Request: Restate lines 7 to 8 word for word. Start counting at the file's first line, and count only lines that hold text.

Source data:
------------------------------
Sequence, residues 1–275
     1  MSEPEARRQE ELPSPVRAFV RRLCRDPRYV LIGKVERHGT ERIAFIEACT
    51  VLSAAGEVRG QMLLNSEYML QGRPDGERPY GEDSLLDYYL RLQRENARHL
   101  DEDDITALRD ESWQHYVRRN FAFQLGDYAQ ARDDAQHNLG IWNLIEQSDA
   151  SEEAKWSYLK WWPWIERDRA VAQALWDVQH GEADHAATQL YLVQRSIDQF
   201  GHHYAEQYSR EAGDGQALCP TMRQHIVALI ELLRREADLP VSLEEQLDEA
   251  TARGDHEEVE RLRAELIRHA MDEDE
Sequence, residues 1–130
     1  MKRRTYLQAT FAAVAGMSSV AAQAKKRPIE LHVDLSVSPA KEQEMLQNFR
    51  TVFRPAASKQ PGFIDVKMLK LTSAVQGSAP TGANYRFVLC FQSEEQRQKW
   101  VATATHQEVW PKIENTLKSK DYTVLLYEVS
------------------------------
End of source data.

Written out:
   251  TARGDHEEVE RLRAELIRHA MDEDE
Sequence, residues 1–130